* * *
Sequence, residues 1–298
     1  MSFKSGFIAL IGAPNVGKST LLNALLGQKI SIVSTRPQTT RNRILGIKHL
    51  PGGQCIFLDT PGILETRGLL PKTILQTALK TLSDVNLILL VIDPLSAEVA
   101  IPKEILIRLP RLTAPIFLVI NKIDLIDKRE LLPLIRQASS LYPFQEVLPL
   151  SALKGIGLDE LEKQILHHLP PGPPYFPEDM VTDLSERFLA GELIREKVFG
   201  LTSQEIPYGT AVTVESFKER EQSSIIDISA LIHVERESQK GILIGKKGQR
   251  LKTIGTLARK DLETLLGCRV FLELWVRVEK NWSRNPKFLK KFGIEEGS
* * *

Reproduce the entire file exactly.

Sequence, residues 1–298
     1  MSFKSGFIAL IGAPNVGKST LLNALLGQKI SIVSTRPQTT RNRILGIKHL
    51  PGGQCIFLDT PGILETRGLL PKTILQTALK TLSDVNLILL VIDPLSAEVA
   101  IPKEILIRLP RLTAPIFLVI NKIDLIDKRE LLPLIRQASS LYPFQEVLPL
   151  SALKGIGLDE LEKQILHHLP PGPPYFPEDM VTDLSERFLA GELIREKVFG
   201  LTSQEIPYGT AVTVESFKER EQSSIIDISA LIHVERESQK GILIGKKGQR
   251  LKTIGTLARK DLETLLGCRV FLELWVRVEK NWSRNPKFLK KFGIEEGS